In this paper, we consider the Cauchy problem for the
non-cutoff Boltzmann equation in the soft potential case.
By using a singular change of velocity variables before and after collision, we prove the uniqueness of weak solutions to the Cauchy problem in the space of functions
with polynomial decay in the velocity variable.
We construct bounded classical solutions of the Boltzmann equation
in the whole space without specifying
any limit behaviors at the spatial infinity and without assuming the smallness condition on initial data.
More precisely, we show that if the initial data
is non-negative and belongs to a uniformly local Sobolev space in the space variable
and a standard Sobolev space with Maxwellian type decay property in the velocity variable,
then the Cauchy problem of the Boltzmann
a unique non-negative local solution in the same function
both for the cutoff and non-cutoff collision cross section with
The known solutions such as solutions on the torus (space periodic solutions) and in the vacuum (solutions
vanishing at the spatial infinity), and solutions in the whole space having a limit
equilibrium state at the spatial infinity
are included in our category.
In this paper, we consider a $2\times 2$ hyperbolic system originates from the
theory of phase dynamics. This one-phase problem can be obtained by using the
Catteneo-Fourier law which is a variant of the standard Fourier law in one dimensional
space. A new classical existence and uniqueness result is established by some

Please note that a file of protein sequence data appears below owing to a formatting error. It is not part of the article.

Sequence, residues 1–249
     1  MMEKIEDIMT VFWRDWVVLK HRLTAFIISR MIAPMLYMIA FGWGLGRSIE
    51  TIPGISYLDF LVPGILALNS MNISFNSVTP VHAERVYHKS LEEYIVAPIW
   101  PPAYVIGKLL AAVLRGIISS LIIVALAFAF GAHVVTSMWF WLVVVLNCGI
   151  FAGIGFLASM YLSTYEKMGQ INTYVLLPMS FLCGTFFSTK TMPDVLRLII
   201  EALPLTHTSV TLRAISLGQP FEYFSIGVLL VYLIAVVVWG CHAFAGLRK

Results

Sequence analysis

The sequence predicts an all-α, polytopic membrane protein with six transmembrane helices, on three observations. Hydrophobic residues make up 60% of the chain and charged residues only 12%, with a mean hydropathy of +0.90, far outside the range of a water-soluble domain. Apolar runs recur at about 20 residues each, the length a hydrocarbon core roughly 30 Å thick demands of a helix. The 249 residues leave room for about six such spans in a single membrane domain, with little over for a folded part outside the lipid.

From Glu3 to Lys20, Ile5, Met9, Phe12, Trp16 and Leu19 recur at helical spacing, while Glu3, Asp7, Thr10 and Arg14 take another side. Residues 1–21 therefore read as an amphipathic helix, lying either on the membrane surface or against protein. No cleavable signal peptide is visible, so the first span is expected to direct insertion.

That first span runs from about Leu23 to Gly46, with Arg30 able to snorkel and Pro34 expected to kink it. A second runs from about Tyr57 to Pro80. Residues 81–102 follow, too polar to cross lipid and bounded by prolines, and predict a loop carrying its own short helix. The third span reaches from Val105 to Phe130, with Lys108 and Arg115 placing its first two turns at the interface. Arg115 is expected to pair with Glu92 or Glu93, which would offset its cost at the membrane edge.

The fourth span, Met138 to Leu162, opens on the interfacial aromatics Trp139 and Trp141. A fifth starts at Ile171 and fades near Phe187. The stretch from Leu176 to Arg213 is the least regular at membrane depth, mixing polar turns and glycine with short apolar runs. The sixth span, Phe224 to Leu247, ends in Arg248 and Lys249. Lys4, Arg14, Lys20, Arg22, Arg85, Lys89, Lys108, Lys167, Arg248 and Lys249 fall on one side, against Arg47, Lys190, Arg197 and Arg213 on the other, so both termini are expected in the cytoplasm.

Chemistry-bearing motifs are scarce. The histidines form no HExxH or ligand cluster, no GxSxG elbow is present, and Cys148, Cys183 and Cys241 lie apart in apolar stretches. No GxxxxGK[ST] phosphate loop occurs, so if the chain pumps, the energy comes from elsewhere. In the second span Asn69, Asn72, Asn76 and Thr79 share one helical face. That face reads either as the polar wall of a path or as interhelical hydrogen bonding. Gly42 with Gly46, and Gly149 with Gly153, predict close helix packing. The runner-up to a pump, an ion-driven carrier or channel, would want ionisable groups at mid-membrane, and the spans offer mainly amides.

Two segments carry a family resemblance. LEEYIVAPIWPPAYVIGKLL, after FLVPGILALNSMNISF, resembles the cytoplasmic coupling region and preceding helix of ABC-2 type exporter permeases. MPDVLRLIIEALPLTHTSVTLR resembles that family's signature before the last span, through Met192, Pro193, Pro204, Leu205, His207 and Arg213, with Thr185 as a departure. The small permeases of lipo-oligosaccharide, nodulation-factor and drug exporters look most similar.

a priori estimates using the characteristic method. The convergence of the solutions
to the one of classical Stefan problems is also obtained.
This paper concerns the time asymptotic behavior toward large
rarefaction waves of the solution to general systems of $2\times
2$ hyperbolic conservation laws with positive viscosity
$u_t+F(u)_x=(B(u)u_x)_x,\quad u\in R^2,\qquad $ ($*$)
$u(0,x)=u_0(x)\rightarrow u_\pm\quad$ as $x\rightarrow
Assume that the corresponding Riemann problem
$ u(0,x)=u^r_0(x)=u_-,\quad x<0, and u_+,\quad x>0$
can be solved by one rarefaction wave. If $u_0(x)$ in ($*$) is a
small perturbation of an approximate rarefaction wave constructed
in Section 2, then we show that the Cauchy problem ($*$) admits a
unique global smooth solution $u(t,x)$ which tends to $ u^r(t,x)$
as the $t$ tends to infinity. Here, we do not require
$|u_+ - u_-|$ to be small and thus show the convergence of the
corresponding global smooth solutions to strong rarefaction waves for
$2\times 2$ viscous conservation laws.
The spatially homogeneous Boltzmann equation without angular cutoff
is discussed on the regularity of solutions for the modified hard
potential and Debye-Yukawa potential. When the angular singularity
of the cross section is moderate, any weak solution having the
finite mass, energy and entropy lies in the Sobolev space of
infinite order for any positive time, while for the general
potentials, it lies in the Schwartz space if it has moments of
The main ingredients of the proof are
the suitable choice of the mollifiers composed of
pseudo-differential operators and the sharp estimates of the
commutators of the Boltzmann collision operator and
pseudo-differential operators. The method developed here also
provides some new estimates on the collision operator.
Most of the work on the Boltzmann equation is based on the Grad's
angular cutoff assumption. Even though the smoothing effect from the
singular cross-section without the angular cutoff corresponding to